Google I/O 2015: Where were Chrome OS and the Chromebooks?

Android is still the king of Google's software platforms for devices. Chrome OS, which doesn't have even one percent of the Android user base was second fiddle this year at I/O keynote.

At last year's Google I/O developer event, Chrome OS was front and center during the keynote. This year, Google's desktop platform was conspicuously absent by comparison.

Instead, the main focus was on Android M and improving the Android experience, Android Pay, Google's Internet of Things software dubbed Brillo, and virtual reality.

Where the heck was Chrome OS, Google's cloud-based platform for laptops and desktops?

Google's Chromebook Pixel (Image: Google)

During the keynote I kept thinking "It will be up next" as Google moved from topic to topic. That didn't happen. About the only reference to Chromebooks was a discussion on getting people connected around the world. And even then, it just a passing remark on how you can now get a reasonably good Chromebook for under $150 around the world.

At the 2014 developer event, Google introduced a test project to easily port Android apps to Chrome OS, giving Chromebooks a wider range of software choices.

Since then, the company has announced a handful of new Android apps for Chrome OS every eight weeks or so. Google also matured the test program by providing a beta tool, the App Runtime for Chrome, for developers to get Android apps on Chrome OS devices. This year, I expected a broader rollout of such Android apps but it didn't happen.

The strange thing is: I know Google is still working to improve Chrome OS. On a weekly basis, I've seen little tweaks and changes in the platform that filter their way from the Chrome OS Developer Channel to eventually make their way to all Chromebooks and Chromeboxes. Few of the improvements are major so maybe that's why Chrome OS was generally a no-show in this year's Google I/O keynote.

Google doesn't typically announce new Chrome OS hardware at I/O and it already launched the successor to its 2013 Chromebook Pixel. That happened earlier this year and the new Chromebook Pixel 2 still meets my own daily needs; Google addressed the largest issues with the original device.

You can now get all-day battery life with a very high resolution display but the premium will cost you: The new Pixel is priced at $999 to start.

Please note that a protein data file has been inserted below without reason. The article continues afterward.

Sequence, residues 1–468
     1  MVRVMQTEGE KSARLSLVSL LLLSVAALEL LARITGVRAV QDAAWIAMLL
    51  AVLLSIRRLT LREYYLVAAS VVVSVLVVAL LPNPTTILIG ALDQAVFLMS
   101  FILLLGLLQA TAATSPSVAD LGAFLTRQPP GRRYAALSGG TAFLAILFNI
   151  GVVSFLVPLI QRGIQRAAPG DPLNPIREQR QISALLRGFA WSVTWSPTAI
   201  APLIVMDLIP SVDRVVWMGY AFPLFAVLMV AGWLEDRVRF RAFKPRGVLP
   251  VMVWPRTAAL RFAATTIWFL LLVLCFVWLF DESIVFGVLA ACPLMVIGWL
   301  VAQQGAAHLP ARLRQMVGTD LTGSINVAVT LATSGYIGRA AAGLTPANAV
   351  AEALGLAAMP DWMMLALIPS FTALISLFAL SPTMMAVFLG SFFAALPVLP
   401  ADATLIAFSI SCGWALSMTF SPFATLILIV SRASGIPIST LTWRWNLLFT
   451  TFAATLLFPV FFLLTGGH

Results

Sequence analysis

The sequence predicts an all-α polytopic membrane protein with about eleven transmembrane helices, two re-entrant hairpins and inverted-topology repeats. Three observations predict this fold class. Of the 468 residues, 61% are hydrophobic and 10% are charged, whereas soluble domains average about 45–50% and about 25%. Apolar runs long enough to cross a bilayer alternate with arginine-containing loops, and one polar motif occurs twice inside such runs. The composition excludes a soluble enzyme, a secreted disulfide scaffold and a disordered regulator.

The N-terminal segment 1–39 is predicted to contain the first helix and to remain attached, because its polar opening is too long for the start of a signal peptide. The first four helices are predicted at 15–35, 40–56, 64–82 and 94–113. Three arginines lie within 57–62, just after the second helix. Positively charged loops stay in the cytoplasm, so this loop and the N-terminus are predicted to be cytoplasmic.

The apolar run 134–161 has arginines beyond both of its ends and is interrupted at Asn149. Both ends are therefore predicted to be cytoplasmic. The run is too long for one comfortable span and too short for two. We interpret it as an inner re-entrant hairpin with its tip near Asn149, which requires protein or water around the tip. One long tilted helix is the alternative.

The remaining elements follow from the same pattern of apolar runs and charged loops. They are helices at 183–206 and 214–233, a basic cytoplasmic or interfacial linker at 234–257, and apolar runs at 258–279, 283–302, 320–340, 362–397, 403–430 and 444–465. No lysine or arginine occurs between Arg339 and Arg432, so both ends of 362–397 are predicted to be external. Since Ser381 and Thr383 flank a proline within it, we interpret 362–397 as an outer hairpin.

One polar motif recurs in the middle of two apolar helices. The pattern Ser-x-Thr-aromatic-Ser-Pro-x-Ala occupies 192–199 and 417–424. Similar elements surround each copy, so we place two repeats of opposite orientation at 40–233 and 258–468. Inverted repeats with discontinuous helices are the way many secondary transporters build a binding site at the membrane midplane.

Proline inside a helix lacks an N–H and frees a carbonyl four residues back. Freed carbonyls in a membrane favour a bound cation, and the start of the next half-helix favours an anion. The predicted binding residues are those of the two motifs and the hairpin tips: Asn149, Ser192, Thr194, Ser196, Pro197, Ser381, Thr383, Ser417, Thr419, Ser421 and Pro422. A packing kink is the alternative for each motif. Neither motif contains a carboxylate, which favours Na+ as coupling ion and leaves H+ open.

Perhaps with no new hardware from partners to show off, there was little point in mentioning Chrome OS. Or perhaps the omission is just a statement on the current state of Chromebooks as compared to Android.

Google did note last week that it has one billion Android users. That's a staggering figure when compared to those who use Chrome OS. I haven't seen any official numbers on that statistic but it's surely a very small percentage relative to Android.

Indeed, some Chromebooks sales estimates appear to have diminished of late. Yes, Chromebooks are considered a top-seller in the education market but that's a small slice of the total computer buying population. Research firm Gartner now figures only 7.3 million Chromebooks will be sold in 2015, up from 5.7 million last year.

That's still 27 percent growth but in terms of relative sales, even 10 million Chromebook sales would be a scant one percent of total Android users today. As much as Chrome OS works for me, it clearly doesn't work for or is appealing to the population at large, even with new designs and additional touch capabilities.

I don't think Google has "given up" on the platform, even though it only got a passing nod in this year's Google I/O keynote. Even as an everyday Chromebook user, it makes sense to me for Google to invest in and attract developer attention for the more popular platform: Android.

Instead, it appears that there were too many other areas Google wanted to highlight as it tries to apply its search indexing and machine learning to everything from your photos to surfacing apps based on context.

For now then, it seems Chrome OS is taking a backseat to Google's broader efforts, at least publicly.

Behind the scenes, however, Chrome OS will continue to mature because even though mobile computing is the next big thing, people will still use desktop platforms for years to come. Perhaps next year Chromebooks get their spotlight on stage at I/O.

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